Browsing All Posts filed under »Sonification«

The whinny of the exponential horse

May 13, 2012

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A Poisson process provides a good model for events that happen rarely. That's what von Bortkiewicz realized in 1898 when he modeled deaths by horse kick in Prussian cavalry; since it would be ungentlemanly to actually kill my readers, I instead represent the events in a Poisson process using a horse's whinny.

playitbyr 0.2-1: data through sound, now with layers, facets, and more pleasure

May 7, 2012

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The recent Sonification Handbook has a chapter devoted to exploratory data analysis using sound. With some help from Sam Ferguson, one of the chapter's authors, I've made it easy to implement those techniques using R with playitbyr.

Sensual marimba sunspots

February 26, 2012

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Here's the numbers of yearly sunspots, 1700-1988, brought to you by the nimble marimba of R: See ?sunspot.year in R for more information about the data. I did this last spring and just discovered it again. I've been so caught up in the current sound world of playitbyr (see this post for an example) that […]

Diamonds vs. water smackdown in playitbyr-powered podcast

February 22, 2012

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Apparent Reason, my new monthly podcast, is a boisterous and non-technical discussion of economics and statistics. In that format I don't have the luxury of showing charts and graphs to complement my discussion, so I use the playitbyr package to represent the data as sound. (Apparently February is a great month to start R-related podcasts! […]

R's Distrotheque

November 29, 2011

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(Update: The csound package is now available on CRAN.) Do your random variables need to groove more? Of course they do. That's why I've been working on the upcoming csound package for R, which connects to Csound computer synthesis software to make any sound imaginable. Your computer'll be the hippest sample space on the randomized […]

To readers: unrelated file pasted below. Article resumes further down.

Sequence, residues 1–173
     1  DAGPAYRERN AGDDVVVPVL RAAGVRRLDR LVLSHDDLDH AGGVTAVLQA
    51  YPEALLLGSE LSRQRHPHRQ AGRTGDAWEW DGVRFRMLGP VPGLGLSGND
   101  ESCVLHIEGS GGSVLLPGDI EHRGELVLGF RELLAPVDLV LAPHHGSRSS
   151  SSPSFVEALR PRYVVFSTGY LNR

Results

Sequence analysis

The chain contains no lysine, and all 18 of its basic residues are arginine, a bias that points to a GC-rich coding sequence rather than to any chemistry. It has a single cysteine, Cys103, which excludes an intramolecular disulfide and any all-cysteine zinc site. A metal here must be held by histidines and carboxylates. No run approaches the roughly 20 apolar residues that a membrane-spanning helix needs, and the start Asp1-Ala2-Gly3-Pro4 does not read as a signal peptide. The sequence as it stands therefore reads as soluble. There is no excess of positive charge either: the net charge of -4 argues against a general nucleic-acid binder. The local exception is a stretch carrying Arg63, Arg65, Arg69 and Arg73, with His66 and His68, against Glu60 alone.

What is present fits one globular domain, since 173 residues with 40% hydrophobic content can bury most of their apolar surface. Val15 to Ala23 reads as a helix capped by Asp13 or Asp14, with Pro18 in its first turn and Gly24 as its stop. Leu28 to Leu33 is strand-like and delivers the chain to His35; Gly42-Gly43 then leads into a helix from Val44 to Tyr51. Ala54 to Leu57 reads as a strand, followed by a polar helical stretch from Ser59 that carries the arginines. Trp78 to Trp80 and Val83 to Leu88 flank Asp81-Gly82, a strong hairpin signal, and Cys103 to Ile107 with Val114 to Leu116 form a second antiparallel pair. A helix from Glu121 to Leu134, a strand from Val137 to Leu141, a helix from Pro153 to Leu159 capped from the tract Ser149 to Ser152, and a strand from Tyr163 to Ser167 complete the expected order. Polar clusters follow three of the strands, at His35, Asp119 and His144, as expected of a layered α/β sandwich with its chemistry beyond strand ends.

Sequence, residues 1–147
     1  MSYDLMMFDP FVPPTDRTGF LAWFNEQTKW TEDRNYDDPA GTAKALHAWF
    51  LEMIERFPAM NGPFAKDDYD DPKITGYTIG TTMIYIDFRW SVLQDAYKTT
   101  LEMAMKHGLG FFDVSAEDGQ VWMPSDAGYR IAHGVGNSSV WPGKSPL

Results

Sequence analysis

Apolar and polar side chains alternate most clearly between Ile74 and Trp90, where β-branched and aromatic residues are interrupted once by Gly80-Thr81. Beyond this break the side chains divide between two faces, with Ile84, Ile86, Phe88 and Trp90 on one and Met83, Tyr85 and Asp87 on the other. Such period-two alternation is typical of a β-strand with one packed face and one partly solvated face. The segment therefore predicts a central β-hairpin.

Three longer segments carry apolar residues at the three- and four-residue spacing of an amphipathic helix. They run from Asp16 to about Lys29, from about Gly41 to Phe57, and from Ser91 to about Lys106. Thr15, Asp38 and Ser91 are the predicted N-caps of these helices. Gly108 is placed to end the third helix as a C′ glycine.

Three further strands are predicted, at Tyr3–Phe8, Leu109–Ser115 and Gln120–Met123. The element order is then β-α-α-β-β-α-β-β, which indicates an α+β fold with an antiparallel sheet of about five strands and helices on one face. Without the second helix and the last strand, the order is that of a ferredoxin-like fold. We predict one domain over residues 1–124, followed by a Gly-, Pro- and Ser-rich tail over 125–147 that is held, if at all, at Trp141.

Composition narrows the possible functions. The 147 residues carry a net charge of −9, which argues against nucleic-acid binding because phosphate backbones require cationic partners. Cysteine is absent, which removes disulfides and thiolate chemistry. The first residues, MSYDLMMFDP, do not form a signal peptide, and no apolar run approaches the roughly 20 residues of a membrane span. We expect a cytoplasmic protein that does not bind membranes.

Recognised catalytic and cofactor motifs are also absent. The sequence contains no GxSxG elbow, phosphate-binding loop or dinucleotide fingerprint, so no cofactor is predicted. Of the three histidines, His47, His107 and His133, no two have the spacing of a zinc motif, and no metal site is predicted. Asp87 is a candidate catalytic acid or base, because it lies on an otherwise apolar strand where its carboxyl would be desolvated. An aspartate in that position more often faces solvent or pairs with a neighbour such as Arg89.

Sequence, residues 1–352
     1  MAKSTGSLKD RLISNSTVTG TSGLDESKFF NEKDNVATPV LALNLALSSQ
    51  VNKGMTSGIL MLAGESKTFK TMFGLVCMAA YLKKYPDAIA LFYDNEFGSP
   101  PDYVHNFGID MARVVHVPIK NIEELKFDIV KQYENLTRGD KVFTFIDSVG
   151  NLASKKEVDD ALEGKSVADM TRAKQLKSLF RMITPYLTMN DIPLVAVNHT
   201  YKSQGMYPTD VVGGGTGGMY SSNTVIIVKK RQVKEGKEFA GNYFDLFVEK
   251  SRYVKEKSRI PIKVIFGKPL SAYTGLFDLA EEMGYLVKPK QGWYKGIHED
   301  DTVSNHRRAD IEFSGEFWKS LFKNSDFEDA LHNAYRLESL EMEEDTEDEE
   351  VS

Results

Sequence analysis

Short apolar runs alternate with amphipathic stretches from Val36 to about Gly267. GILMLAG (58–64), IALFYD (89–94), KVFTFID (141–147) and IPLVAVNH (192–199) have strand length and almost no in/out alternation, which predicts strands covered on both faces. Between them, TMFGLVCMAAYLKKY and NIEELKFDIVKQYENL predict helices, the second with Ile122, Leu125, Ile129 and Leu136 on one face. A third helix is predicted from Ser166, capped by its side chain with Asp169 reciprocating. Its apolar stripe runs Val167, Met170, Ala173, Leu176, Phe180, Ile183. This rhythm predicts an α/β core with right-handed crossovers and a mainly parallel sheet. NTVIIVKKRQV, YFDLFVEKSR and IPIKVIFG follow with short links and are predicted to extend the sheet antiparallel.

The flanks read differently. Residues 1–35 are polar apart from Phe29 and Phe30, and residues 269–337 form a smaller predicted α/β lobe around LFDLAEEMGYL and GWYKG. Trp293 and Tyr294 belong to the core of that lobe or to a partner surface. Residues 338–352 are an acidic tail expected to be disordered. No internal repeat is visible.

Howling Winds and Stochastic Tones

March 9, 2011

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My greatest pleasures in mathematics come from observing--and here, listening to--the interplay of simple and complex. With a few axioms and definitions you can create surprising worlds, and in what seems like a mess you can find beautiful regularities. It's damn sexy, frankly. Here, I use a simple recursive equation to directly generate my sounds […]

Rhythms of Equality and Inequality

February 6, 2011

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Today I unveil my very first statistical YouTube video! I will do anything to keep you statisfied, and if that means YouTube, then so be it. But first, some exposition: In Panama, 10 percent of the population owned 45 percent of the income in 2000, whereas the bottom 10 percent owned only 0.6 percent. How […]

Listening for trends in US baby names over 130 years

January 25, 2011

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What happens when you mash together R's data crunching magic, Festival's speech synthesis power, and the audio wonders of the venerable music language Csound? You fall even more in love with free and open-source software, and you start hearing sounds like this: A single beat of the above sound represents the top 1000 baby names […]

Dial-a-statistic! Featuring R and Estonia

January 16, 2011

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Did you wake up this morning hoping that you would be able to listen to telephone beeps inspired by Estonian web site metrics? I knew you did! First things first: I came up with the slightly crazy idea of using the bleepy sounds that telephones make, called "dual-tone multifrequency" (DTMF) tones, as a tool in […]